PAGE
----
The Evangelical? Jesus calls us to repentence. What could be more central to the Gospel than the call of God for a complete makeover of the human soul? A "metanoia" as it is called in Greek; A rebirth from the old way of sin to a whole new life of forgiveness and rebirth. A death to sin and a rebirth to Eternal Life. What could be more to the heart of our Baptism than this conversion moment in the human soul?
The Intellectual? We are known as the Chruch that requires "Thinking" and "Reason". The prophet Isaiah said "Come let us reason together." Did Jesus not spent hour after hour with his followers teaching in Parables and then explaining these parables in the Apoltolic fellowship? In Anglican Theology Scripture, Tradition and Reason are the Hallmark of a mature faith as we hold our lives within the dynamic of this threefold authority.
The Anglo Catholic? What of the Anglo Catholic? We are a people who love our rituals? Some more so, some less so. Some of the churches I've served relished the sound of the Sanctus bells, and the smells of incense. In West Virginia for instance, my number two son, Joshua, loved to do what we called "360's" as the incense pot swung over his head round and round and round in solemn procession on the high Holy Days. You may notice, I take care as I celebrate the Eucharist to repeat certain rituals Sunday after Sunday. We are a people of ritual. Christmas, Thanksgiving, Birthdays and other celebrations take on great significance to us as a people, and if we don't do something in that certain way, we are much the poorer. We are told that when Jesus fed the 5000 or when he gathered with his disciples for the Last Supper, it was with the same words; he took bread, he gave thanks, and he shared it with his friends. Likewise after supper, he took the cup, and when he had given thanks, he gave it to his friends. It is in this very ritual that Christ becomes present to us at this altar rail and we go forward from here to make a better world. What could be more Christ like than that? It is in the Anglo Catholic nature of our tradition that we seek to dignify and honor our rituals.
And finally the Charismatic? Those filled with the Holy Spirit? The third Person of the Holy Trinity? Sometimes this encounter can be disruptive in congregations. But to tell you the truth, Social Activists, Traditionalists, Intellectuals, and Anglo Catholics can also insist that their way of seeing Jesus is better than the way others do. As one who finds himself managing congregations, understanding the nature of the enounter with Christ takes center stage when managing conflict. After all, when understood in the fullness of what the Name of Jesus means as a way of life, these Names we call one another, do not represent comparative modes of Godly expeience, they are rather primary modes of that encounter.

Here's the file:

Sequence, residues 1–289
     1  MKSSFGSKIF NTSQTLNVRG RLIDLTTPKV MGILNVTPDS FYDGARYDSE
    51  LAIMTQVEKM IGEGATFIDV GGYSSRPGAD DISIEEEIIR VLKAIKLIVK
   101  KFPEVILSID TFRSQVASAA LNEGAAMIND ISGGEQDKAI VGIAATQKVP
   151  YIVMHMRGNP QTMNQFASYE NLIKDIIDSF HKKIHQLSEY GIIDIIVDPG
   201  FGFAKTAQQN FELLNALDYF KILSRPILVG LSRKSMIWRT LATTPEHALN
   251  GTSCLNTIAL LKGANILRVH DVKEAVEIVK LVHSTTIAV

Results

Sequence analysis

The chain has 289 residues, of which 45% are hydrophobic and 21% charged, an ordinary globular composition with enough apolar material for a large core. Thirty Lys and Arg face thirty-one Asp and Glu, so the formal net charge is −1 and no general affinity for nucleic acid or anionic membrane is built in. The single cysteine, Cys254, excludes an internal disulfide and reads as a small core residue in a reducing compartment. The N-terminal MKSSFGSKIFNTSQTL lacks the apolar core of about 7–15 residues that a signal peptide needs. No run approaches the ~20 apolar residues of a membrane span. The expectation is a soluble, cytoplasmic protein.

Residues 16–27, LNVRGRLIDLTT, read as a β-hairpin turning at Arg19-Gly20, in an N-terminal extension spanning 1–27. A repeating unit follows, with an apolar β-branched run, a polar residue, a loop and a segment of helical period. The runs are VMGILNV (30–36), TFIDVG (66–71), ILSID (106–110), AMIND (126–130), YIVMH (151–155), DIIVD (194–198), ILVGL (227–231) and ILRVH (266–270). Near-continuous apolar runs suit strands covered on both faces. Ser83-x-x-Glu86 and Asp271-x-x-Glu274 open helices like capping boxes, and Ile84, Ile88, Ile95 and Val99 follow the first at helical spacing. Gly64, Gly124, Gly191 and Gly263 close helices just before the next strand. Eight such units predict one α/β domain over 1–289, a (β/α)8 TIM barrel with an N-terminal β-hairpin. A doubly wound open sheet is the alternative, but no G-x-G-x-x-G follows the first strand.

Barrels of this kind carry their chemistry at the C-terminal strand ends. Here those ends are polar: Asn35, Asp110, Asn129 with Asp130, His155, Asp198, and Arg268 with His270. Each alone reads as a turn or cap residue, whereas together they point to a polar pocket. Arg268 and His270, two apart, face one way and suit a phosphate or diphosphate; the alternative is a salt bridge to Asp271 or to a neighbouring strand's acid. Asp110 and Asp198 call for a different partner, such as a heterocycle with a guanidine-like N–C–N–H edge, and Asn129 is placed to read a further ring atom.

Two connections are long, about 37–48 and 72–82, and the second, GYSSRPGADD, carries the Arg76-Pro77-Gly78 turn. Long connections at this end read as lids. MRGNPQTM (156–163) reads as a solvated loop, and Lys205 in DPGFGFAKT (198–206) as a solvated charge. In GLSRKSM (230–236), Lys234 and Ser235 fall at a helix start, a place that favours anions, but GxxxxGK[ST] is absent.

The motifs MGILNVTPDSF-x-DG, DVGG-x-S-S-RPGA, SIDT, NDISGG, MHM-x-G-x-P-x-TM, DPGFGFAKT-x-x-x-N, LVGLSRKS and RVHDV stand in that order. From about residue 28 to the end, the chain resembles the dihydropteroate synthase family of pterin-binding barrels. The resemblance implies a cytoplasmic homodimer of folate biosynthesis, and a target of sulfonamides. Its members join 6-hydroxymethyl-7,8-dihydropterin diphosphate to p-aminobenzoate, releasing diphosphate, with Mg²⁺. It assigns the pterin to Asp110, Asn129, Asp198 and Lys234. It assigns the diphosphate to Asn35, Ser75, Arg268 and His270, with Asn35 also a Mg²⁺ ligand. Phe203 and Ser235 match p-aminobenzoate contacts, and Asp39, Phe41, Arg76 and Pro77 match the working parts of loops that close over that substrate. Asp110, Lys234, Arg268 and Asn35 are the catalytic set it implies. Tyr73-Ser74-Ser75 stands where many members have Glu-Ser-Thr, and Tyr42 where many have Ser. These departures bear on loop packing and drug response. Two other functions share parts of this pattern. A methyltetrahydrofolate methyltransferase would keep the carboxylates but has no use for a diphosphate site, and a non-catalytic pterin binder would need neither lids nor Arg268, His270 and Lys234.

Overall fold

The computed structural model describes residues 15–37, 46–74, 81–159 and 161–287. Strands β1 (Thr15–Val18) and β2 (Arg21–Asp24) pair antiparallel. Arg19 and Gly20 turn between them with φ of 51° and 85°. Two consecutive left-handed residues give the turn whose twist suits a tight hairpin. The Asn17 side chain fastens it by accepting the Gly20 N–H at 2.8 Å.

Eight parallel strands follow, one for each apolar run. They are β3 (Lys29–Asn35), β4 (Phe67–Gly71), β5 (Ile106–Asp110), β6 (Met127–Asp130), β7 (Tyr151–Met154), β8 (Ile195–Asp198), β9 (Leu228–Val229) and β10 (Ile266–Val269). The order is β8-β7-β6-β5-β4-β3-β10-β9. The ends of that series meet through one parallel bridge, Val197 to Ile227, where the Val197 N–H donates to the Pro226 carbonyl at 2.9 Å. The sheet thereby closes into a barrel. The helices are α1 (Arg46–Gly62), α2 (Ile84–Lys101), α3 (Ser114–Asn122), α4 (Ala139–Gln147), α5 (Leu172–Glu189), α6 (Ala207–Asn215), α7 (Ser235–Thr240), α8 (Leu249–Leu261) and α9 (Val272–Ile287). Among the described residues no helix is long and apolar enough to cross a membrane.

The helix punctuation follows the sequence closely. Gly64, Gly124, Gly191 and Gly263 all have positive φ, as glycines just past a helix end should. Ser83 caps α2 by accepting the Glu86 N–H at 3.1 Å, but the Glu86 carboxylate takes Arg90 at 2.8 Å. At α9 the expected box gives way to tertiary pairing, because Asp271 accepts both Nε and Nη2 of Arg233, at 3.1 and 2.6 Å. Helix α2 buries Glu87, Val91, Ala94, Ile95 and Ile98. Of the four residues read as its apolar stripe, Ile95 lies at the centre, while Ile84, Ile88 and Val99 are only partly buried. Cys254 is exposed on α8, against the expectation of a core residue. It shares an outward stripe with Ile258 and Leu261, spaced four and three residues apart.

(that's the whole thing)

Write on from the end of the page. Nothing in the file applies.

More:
There's not a one of us whose encounter with God the Father, God the Son or God the Holy Spirit, is better or worse than any other. Each of us is on pilgrimage from the beginnings of our faith until the very end. As Jesus said in yet another Name he uses to describe the reality of who he is for us; "I am the Alpha and the Omega; the beginning and the end". Yes indeed, Jesus the the Author and Finisher of our faith.
The Spirit moment is a powerful moment for the Charismatic. It awakens an experience of that which inspires, guides, and strengthens us in life, and who doesn't need inspiration, guidance, and strength in the lives we lead?
For much of this past week I was running on empty. The demands of Christmas required all that I had to offer and more besides because of the suffering and death that I was required to face in the family along with the usual requirements of being a parish priest. I thought I could sit down on New Year's Day and "crank out" a sermon, if you will. Nothing came. I simply had nothing else to say. My cousin's funeral was the last straw for me. I was spiritualy, emotionally, and physically exhausted.
And then a friend called me on New Year's Day to describe the pain he was suffering in association with passing a kidney stone. Ewww...but something clicked! All of a sudden the Holy Spirit gave me some words, some strength, some inspiration and some guidance and I was off and running again.
Every day, I take time to pray, to journal, to walk, to take some quiet time just to be with God. And lo and behold, there it is again. The Holy Spirit.
My dear friends Jesus is so much more than five letters and two syllables. For the Holy Name of Jesus is "shorthand" for the Way, the Truth and the Life. Whether we call ourselves or others Social Activists, Traditionalists, Evangelicals, Intellectuals, Anglo Catholics or Charismatics, or all the above, we are all one people incorporate in the Body of Christ. And we are each and all living the life that brings us to God.
In the Name of the Holy, Blessed Undivided Trinity. Amen